What a difference a year makes.
It’s something Mississippi Thunder Speedway owner Bob Timm and track promoter Tyrone Lingenfelter have been telling each other over the course of the past few weeks.
At this time last year, they were wondering if they were going to have a season at all because of the COVID-19 pandemic. Now they are ready for perhaps the speedway’s biggest summer yet.
“A year ago at this time, we weren’t even sure if we were going to race, because everything that was going on,” Lingenfelter said. “It’s funny, you sit here and get your Facebook memories all the time, you look back at some of the posts that we’ve had about this time last year and a lot of it was, ‘Hey we’re working on racing, but we don’t know when it’s going to be.’ … But we had a super successful year last year, and now it seems like the momentum just keeps going.”
Despite an unprecedented summer, the track capitalized being one of the few shows in town. They worked closely with Buffalo County health officials and the Town of Milton to develop a plan, and the season went on without a hitch with all of the races going on as scheduled. It ended up being a record-breaking season with new highs in attendance and driver participation.
“Obviously, any sports event in an outdoor venue had an upper hand during the pandemic,” Timm said. “I think all of us tried to take advantage of that. … I feel very fortunate to be in an area that we are in. The community has just been unbelievably supportive, so supportive of what we do. Without that we wouldn’t be able to do what we’re doing.”
There are no attendance restrictions this year, but MTS will continue to work hand-in-hand with health officials, while promoting social distancing.
“Everything went well last year with Buffalo County, and the health department was happy with everything we did,” Lingenfelter said. “Obviously, if there’s any customer that wants to wear masks and stuff like that they can definitely do that, but there’s nothing mandated — as far as we know — when it comes to restrictions.”
That’s more than good news, as the track is excited to fill its new metal bleachers — a project that was in the works for the past few years but was given the go-ahead over the winter after the successful summer. The new bleachers replace smaller wooden ones along Turn 1 and extend as high as the VIP suites. It jumps the track’s capacity from 1,500 to 4,000 and offers a view that few dirt tracks can. Fans will get their first taste of those bleachers when the season kicks off Friday with the 13th Annual Season Opener.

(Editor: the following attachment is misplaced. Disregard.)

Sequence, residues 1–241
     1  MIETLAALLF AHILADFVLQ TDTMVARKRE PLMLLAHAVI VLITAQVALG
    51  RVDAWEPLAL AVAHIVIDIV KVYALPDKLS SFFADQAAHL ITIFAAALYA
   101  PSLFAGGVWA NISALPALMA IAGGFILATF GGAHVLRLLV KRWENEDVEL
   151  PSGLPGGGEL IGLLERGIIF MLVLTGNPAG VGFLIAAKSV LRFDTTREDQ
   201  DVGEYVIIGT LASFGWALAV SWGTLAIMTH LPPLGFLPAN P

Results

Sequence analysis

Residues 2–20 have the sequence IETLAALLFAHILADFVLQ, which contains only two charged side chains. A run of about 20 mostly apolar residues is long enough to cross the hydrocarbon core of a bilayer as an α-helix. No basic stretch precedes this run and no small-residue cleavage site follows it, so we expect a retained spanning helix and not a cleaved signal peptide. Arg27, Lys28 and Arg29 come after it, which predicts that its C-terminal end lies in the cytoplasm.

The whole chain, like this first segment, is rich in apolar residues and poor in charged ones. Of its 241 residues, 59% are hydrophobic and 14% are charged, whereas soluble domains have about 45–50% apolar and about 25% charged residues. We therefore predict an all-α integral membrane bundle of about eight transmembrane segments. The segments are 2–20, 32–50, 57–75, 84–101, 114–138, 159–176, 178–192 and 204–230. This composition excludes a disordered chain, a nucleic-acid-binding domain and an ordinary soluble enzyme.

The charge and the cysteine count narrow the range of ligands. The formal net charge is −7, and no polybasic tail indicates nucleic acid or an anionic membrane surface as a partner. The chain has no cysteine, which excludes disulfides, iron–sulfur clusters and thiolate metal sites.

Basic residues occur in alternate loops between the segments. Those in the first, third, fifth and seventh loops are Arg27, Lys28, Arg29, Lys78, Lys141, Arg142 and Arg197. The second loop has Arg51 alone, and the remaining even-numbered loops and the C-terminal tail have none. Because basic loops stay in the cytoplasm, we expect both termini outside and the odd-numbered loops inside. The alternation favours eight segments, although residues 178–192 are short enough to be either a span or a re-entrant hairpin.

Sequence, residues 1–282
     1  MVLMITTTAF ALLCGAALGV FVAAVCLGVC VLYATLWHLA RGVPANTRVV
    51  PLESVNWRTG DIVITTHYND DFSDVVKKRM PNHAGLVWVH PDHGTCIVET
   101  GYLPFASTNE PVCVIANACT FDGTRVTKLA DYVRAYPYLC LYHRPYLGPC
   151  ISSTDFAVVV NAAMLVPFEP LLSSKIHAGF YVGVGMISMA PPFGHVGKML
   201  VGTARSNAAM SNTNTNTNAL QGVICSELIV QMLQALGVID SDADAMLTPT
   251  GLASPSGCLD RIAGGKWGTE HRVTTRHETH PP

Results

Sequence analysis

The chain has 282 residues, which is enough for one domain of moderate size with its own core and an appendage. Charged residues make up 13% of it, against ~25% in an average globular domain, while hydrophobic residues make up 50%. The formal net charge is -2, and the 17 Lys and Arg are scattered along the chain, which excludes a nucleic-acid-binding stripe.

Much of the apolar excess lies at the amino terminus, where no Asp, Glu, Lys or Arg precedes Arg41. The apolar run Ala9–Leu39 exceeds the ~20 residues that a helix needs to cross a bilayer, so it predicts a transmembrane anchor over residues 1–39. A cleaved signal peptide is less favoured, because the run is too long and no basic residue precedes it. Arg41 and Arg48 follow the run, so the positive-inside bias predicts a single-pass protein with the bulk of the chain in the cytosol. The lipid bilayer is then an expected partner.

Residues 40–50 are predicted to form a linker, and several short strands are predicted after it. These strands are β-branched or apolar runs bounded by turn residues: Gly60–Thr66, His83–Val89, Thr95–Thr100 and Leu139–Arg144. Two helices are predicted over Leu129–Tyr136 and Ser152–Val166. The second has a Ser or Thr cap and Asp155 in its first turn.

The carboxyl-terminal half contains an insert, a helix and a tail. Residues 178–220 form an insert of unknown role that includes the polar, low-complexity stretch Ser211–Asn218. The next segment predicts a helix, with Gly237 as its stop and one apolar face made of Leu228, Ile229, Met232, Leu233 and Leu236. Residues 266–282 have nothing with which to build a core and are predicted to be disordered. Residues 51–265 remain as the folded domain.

“It turned out really well,” Timm said. “I think everybody that sits there is going to have probably a better view than any other seating you had in the past. For those more casual-type fans, it’s more accommodating. You’ll find a little bit cleaner of a seat and be a little further back. Plus, it gives it more of a stadium effect feel when you walk in there, which makes it pretty cool.”
And if you can’t make it to the track that weekend, you can stream it.
The races will once again be broadcasted through RacinDirtTV, like they were last year. Only this time, every race weekend — outside of May 7 and 8 — will be streamed through RacinDirtTV, just another sign of the continued growth of the sport.
“There are now people that I never really thought were that involved with racing that are now coming up and like, ‘I can’t wait for that event or that’d be really cool to see them come to the area,’” Lingenfelter said. “I think there’s a lot of people that now understand that’s a big deal, because it brings a lot of exposure — not just for the racetrack, but for the entire community.”
Of course, that big event that has the chance to really put Fountain City and the dirt track on the map as one of the sports favorite destinations comes May 7 and 8. That’s when the famous World of Outlaws Late Model series comes to town for the first time as part of an event that has been named the Dairyland Showdown. Often referred to as the “NASCAR of dirt track racing,” with their calling card being “the most powerful cars on dirt,” the World of Outlaws has a TV contract with CBS Sports Network and also consistently on DIRTVision.
They are the best of the best.
“When they come to town it’s like having a big rock concert,” Lingenfelter said. “They’re rock stars.”
The purse for that two-day event? An eye-popping $160,000.
For Timm and company, it’s a testament to how the track has become one of the premier destinations for the sport.
“It’s a big undertaking, obviously it’s a huge risk,” Timm said. “Anytime you’re making that kind of a payout, there’s a lot of risk involved. It’s been a dream of mine, since we bought it, to be able to bring that kind of a sporting event to this area. It’s taken, this is my 13th year, the entire time to get the facility and get the reputation that’s needed for a touring series of this size and magnitude to be willing to take a chance and have an event at our place.
“… It’s kind of humbling. It’s an honor that they have enough faith in us to bring their series here, because they have a certain level of showmanship that they like to put on. It’s a sense of accomplishment for Tyrone and myself to get to that level.”
Tickets can be bought up until May 1 and ordered at mississippithunder.com.
The hope is that the event will be such a success that the World of Outlaws will continue to come back and make it a yearly tradition. A big boost for not only the track, but for the community as well.
“It’s one of the series that comes here that you have actually have people doing this for a living,” Timm said. “It has big corporate sponsorship. Some of their events are broadcast live on CBS. The natural next step for us is to put on an event that they look at next year and say, ‘You know what, this is one we want to have on TV.’ For this area to get national television exposure, because of our facility, I think would be pretty cool.”